HITCHENS ON KERRY IN THE TIMES BOOK REVIEW
Well, it could be worse.
Hitch refrains from the sort of unbridled hate he deals out to Bill Clinton or, say, Princess Di; he even acknowledges that Kerry has done one or two good things -- acknowledges it with a wince, like a politician acknowledging an affair:
His service in the Senate, while not describable as stellar, has featured some important moments of gravity and responsibility.
Hitch's praise for Kerry's work in a couple of areas is almost fulsome -- but then there's the flick of the tail:
... I vividly remember the way in which [Kerry's] Senate office and then his subcommittee became the clearinghouse for a whole series of seemingly unbelievable rumors about the Iran-contra connection, most of which turned out to be true. And much credit belongs to Kerry for winnowing out the genuine stuff, about drug running and death squads and slush funds and secret deals with foreign dictatorships, from the conspiratorial garbage. He had played a similar role in the Vietnam veterans' movement, keeping the Pol Potists in their place at the admitted cost of some rhetorical excess on his own part. Two-sidedness has its uses.
"Two-sidedness has its uses." Yup -- having examined Kerry and read three new books on him, Hitchens, who now prides himself on being above ideology, on being no side's lackey, concludes that Kerry is ... a flip-flopper!
How remarkably harmonious with the Bush campaign's talking points.
Granted, Hitchens doesn't say this in so many words. Neither "flip" nor "flop" appears in his review, in any form. Kerry is, rather, "ambivalent"; he's "Janus-like"; his campaign book, "if it were to draw its title from any popular song, ... would have to bow toward Joni Mitchell and announce itself as 'Both Sides Now.'"
Now, Hitchens is an independent man; after he calls Kerry "Janus-like," he's not going to feed you an example of flip-floppery straight from the archives of the Bush campaign. So what he offers instead is this:
In 1982 he was running for lieutenant governor of Massachusetts. Two men, Michael S. Dukakis and Edward J. King, were vying for the gubernatorial nomination, and at the endorsement convention that year Kerry's staff had two sets of buttons printed, reading "Dukakis/Kerry" and "King/Kerry," to demonstrate their man's utter readiness to serve the ticket.
Excuse me, but what's wrong with that? It's perfectly commonplace behavior in American politics. The lieutenant governorship of Massachusetts doesn't come with a lot of power or responsibility, but it's a stepping-stone position; American politics is full of positions like that, and many, many ambitious men and women of both parties would do just what Kerry did in pursuit of such an office.
The Hitchens review is full of nonsense like this. He chastises Kerry for getting his first marriage annulled ("How odd that he would invoke one of the Roman Catholic Church's most pitiless dogmas"), not realizing (or not acknowledging) that a number of Catholics of Kerry's generation who had political ambitions pulled strings to get annulments rather than divorces, at least until very recently, in the belief that this was necessary to maintain political viability with more traditional Catholic voters. (This is not limited to Kennedys -- there was an annulment in the fourteen-year first marriage of Rudy Giuliani, whose Republican convention speech Hitchens will, I suspect, admire greatly.)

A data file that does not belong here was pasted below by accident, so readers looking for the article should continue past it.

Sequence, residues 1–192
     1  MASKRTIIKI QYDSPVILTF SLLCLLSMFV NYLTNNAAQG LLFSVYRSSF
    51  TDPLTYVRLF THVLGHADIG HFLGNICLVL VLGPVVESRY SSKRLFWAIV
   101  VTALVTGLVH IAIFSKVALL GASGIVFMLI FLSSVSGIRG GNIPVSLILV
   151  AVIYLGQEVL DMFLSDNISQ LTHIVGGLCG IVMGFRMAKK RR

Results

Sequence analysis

Hitchens chides Kerry for publishing a dull campaign manifesto -- as if this a unique failing -- while praising John Edwards because his "sprightly and punchy campaign biography was co-written, in another first, by a distinguished scholar of Henry James." (In fact, calling it a "campaign biography" is rather deceitful -- the book was Four Trials, and its subject matter wasn't policy, but rather the stuff of ER and Dateline NBC -- "two medical malpractice suits, a wrongful death suit, and a corporate negligence suit," according to Booklist.)
And he mocks Kerry for apparently seeking to put John McCain on the ticket before settling on John Edwards. Admittedly, this was an odd episode -- but is it any odder than what his opponent is doing with regard to McCain? Bush now embraces the man whom he beat in the 2000 primaries thanks to a sewer campaign; Kerry and McCain, by contrast, have worked well together for years. Seeking out McCain is, for both candidates, a way to try to reach swing voters -- but McCain is admired, or at least respected, by much of Kerry's base while Bush's base largely despises McCain (or did so, at least, until he fell into line with Bush). Who's acting against principle here?
But Hitchens won't say a discouraging word about Bush. (Even in an aside about alleged embarrassing deeds by Kerry's brother, Hitchens invokes Billy Carter and Roger Clinton -- heaven forbid he should mention Neil Bush.)
Hitchens believes that, in the war on terror, our choices are Bushism or death. This has been obvious for nearly two years. Since he's clearly concluded that a Kerry presidency could lead to the end of civilization as we know it, what's the point of asking him to review these books?